Arnold Gold / Hearst Connecticut Media
Tweed New Haven Airport (Arnold Gold / Hearst Connecticut Media)

HARTFORD, CT—Attorney General William Tong is looking to appeal a July federal court ruling that gave Tweed-New Haven Airport a path to expand its runway.

In a filing with the U.S. Supreme Court on Friday, Tong asks whether the Tweed governing body, which was created by the state, can sue the state. He also questions whether the Federal Aviation Administration regulations preempt state law.

Tong’s office announced the filing in a short statement midday Friday, just a few hours before the state’s window to appeal the July ruling expired.

Tweed has been seeking an expansion of the runway at the airport in an effort to beef up the flight schedule. The short runway length limits the size of the aircraft that can use it, and officials have said a more prominent airport in Southern Connecticut would boost economic development throughout the area.

Gov. Ned Lamont’s CT2030 transportation plan calls for a study on increasing air travel in the shoreline area, but doesn’t say whether the governor prefers Tweed or Sikorsky in Bridgeport for an expansion.

“We are disappointed in the Attorney General’s decision to file a petition for certiorari in the Supreme Court and believe the circuit court’s unanimous decision in our favor was correct and should have ended this litigation. We look forward to a prompt resolution of the case in the Supreme Court so that we can proceed with our plans to extend the length of our runway and foster the tremendous economic growth that will come from a more vibrant airport in southern Connecticut,” Tweed Executive Director Sean Scanlon said in a statement.

Scanlon, a state representative from Guilford, became the airport’s director in October, taking over for interim director and Tweed board member Matthew Hoey, the first selectman of Guilford.

A bill passed by the General Assembly in 2009 limits the length of the runway to 5,600 feet, but the appeals court ruling in July said the jurisdiction on runway length lies with the Federal Aviation Administration, not the state.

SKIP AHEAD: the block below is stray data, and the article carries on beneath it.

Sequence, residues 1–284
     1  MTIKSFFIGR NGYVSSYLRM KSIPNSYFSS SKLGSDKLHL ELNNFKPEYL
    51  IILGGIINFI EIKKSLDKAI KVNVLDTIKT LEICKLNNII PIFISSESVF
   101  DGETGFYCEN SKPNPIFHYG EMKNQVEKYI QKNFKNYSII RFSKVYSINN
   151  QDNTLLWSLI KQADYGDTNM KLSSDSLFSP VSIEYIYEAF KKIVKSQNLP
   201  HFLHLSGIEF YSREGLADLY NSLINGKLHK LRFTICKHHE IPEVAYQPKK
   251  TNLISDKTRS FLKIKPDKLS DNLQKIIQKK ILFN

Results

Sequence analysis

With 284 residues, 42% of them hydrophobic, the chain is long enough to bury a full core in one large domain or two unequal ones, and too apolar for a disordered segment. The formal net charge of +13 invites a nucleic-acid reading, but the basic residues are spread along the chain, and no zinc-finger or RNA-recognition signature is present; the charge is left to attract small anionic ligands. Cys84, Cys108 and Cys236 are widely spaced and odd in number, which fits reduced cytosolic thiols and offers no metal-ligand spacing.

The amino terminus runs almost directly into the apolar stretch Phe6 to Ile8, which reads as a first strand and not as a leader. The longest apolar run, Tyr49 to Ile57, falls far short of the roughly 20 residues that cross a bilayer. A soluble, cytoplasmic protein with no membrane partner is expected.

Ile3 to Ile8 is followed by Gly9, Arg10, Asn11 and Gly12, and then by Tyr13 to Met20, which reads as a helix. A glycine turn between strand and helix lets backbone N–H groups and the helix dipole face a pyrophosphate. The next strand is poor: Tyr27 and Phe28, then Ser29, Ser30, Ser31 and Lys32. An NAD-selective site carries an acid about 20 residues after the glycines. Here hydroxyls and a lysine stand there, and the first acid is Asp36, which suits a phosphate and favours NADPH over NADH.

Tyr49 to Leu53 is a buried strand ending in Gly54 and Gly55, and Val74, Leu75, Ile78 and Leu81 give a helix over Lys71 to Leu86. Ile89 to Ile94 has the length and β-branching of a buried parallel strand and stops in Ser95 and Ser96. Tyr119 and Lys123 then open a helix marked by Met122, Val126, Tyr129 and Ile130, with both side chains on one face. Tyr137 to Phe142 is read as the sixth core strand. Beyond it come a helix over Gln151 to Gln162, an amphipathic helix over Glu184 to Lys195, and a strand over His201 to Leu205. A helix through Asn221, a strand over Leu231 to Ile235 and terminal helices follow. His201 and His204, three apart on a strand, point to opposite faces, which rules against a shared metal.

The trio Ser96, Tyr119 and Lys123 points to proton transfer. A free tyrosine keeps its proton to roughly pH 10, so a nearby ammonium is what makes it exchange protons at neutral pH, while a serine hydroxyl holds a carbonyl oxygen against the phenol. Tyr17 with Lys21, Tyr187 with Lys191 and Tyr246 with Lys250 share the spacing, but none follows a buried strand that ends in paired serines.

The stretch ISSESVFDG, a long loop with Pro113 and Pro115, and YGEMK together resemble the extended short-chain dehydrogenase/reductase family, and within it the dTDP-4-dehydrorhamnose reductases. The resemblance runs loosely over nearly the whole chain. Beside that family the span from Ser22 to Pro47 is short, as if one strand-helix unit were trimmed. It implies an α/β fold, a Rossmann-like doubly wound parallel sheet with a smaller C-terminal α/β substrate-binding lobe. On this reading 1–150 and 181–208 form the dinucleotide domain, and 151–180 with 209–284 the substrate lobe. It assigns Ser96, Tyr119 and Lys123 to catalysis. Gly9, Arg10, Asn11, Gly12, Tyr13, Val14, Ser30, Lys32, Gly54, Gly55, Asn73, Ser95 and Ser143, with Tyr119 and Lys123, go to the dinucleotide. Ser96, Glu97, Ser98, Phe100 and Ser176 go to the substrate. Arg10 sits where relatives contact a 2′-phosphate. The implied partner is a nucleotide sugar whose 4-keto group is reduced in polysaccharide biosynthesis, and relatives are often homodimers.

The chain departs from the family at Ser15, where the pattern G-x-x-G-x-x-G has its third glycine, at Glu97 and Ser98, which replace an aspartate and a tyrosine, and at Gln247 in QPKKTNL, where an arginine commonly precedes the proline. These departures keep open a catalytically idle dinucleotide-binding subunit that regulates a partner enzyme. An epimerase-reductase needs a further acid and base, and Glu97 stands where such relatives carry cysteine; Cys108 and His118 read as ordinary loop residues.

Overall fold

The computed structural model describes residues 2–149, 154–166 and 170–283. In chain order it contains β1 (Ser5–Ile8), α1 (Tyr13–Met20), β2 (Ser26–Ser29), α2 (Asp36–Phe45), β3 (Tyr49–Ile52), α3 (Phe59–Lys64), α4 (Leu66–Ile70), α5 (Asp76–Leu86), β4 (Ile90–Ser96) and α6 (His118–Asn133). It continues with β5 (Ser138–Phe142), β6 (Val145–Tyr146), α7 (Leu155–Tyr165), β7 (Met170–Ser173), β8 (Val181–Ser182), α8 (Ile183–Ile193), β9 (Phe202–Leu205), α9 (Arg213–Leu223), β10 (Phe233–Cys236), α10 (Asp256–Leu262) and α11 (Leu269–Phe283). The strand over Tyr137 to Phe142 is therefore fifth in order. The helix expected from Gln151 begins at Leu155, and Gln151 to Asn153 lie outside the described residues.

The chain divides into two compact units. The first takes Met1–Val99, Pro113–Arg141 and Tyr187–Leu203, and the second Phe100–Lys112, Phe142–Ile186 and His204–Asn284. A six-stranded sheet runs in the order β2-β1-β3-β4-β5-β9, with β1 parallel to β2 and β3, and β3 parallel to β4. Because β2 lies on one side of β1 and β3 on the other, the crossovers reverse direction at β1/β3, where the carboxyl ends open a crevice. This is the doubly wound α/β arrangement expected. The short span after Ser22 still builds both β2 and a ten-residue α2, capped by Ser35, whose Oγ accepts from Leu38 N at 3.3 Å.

The Second Circuit U.S. Court of Appeals ruling also concluded that Tweed did have standing to sue the state.

New Haven Mayor-elect Justin Elicker, who takes office on Jan. 1, said Tong’s appeal is “not anti-airport” and will allow the city to continue meeting with nearby residents who have consistently complained about noise and traffic issues in their neighborhood.

“I acknowledge Attorney General Tong’s position and interest in protecting the State by questioning the legal standing of Tweed to sue the State and the larger ramifications of letting the lower court decision stand. The legal nuances of Attorney General Tong’s appeal should be recognized as complex and not anti-airport,” Elicker said in a statement. “I have spoken with Attorney General Tong and expressed the importance of Tweed’s potential as a driver in our regional economy.”

The city owns the airport, which straddles the New Haven and East Haven city lines.

“Though we need to support meaningful economic development across the Elm City, the appeal should also be viewed as an opportunity for us to have more time to engage the community in a meaningful dialogue about the future of Tweed New Haven Airport and potentially address some of the logistical, financial and neighborhood concerns about the runway extension,” Elicker said.

Outgoing Mayor Toni N. Harp was a vocal proponent of lengthening the runway. She celebrated the July court ruling in a press conference at the airport, where she said the expansion was overdue because of the potential to reach more than 1 million residents in the Tweed market.

The state’s appeal to the U.S. Supreme Court can be found here. In the appeal, the state says both questions it’s raising – whether a political subdivision of a state can sue its creator, and whether the Federal Aviation Act preempts state laws – have larger ramifications.

“This case presents the Court with the opportunity to resolve two issues of exceptional national importance,” the appeal says.

The appeal is a writ of certiorari, which gives the U.S. Supreme Court discretion on whether or not to consider the appeal, said Elizabeth Benton, the spokeswoman for the attorney general’s office.

The questions to the Supreme Court are: “Does a political subdivision of a State have standing to sue its creator State under the Supremacy Clause of the United States Constitution?” and “Does the Federal Aviation Act preempt a state law limiting the length of an airport runway, thereby depriving a State from determining the size and nature of a local airport?”

The U.S. Supreme Court could decide not to hear the case.